• Remove all food and waste spillages as they occur 
  • Empty food waste bins in the kitchen etc frequently 
  • Store food in rodent proof containers
  • Ensure that refuse is not allowed to accumulate in the yard or garden
  • Seal structural defects in the house to prevent mice gaining access to your home (mice can squeeze through gaps in excess of 5mm).

If signs of infestation are noticed, for example, fresh mouse droppings, gnaw or smear marks, take immediate action to control the infestation.

How can I treat them?

Mouse poisons* can be bought from most supermarkets, hardware stores and garden centres. Baits should be placed in several locations and checked every 4 to 5 days and replenished accordingly until no further poison is taken and mice are no longer active.

Traps are also readily available and should be positioned in several locations around the infested site.

Make sure traps and poisons are located away from children, pets and other wildlife.

*Always refer to the product instructions BEFORE use and follow these at ALL times.

 

 


Last Updated on Friday, November 01, 2019

What are they?

House mice can live and breed in houses, buildings and other structures such as garden sheds, which give them protection from the cold and wet weather and which provides them with the three essentials for survival - food, water and shelter. Although an abundant supply of food is preferable, house mice can survive on relatively poor diets, eating between 3 to 4 grams of food a day and can survive without access to free water, obtaining their daily needs from their food.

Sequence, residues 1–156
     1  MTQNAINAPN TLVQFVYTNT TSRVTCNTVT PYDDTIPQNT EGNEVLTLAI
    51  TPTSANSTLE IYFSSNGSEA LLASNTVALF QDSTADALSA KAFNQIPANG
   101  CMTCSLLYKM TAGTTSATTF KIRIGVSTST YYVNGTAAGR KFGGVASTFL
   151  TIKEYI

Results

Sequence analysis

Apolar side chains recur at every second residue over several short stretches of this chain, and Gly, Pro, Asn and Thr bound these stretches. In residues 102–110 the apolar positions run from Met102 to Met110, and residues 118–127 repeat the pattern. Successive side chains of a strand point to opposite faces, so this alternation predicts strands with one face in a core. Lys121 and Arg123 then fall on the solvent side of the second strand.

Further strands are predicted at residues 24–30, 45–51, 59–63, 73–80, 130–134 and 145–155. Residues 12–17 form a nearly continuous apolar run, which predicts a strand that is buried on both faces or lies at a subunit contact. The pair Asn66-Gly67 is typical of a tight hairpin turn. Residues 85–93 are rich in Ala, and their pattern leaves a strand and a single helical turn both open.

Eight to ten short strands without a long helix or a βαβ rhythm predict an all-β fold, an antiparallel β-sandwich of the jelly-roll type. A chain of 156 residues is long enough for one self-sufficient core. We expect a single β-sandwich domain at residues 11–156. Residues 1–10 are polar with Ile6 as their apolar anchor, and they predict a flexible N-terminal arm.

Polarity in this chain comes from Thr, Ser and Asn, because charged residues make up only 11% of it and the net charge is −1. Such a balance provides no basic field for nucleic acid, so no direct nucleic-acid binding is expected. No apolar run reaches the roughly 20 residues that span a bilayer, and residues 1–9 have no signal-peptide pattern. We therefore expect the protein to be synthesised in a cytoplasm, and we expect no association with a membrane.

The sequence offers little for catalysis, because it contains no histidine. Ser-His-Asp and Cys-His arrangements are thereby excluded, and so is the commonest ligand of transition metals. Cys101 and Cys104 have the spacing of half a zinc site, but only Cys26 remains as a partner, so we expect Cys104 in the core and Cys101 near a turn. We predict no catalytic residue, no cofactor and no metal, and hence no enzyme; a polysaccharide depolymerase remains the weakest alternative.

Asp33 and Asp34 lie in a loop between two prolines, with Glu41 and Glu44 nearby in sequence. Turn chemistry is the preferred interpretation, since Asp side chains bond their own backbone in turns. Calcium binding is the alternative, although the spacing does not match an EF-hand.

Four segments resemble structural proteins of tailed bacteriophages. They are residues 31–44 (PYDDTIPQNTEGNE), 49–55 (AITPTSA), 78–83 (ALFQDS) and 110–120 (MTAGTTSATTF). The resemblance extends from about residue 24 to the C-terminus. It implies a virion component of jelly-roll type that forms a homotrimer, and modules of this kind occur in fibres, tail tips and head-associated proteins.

The ideal environments for house mice are buildings with dead spaces and harbourages free from disturbance and close to food and water. They are extremely good climbers, climbing walls, pipes, cavities and ductings. They have very hard incisor teeth which can penetrate materials such as concrete, lead and aluminium. This can result in expensive damage and even fires when electric cables are damaged.

House mice like to know the area where they live and will familiarise themselves with their home surroundings; in most cases activity will be restricted to a radius of up to 10 m. They use the same familiar pathways. This produces smear marks by the continual rubbing of their fur against surfaces.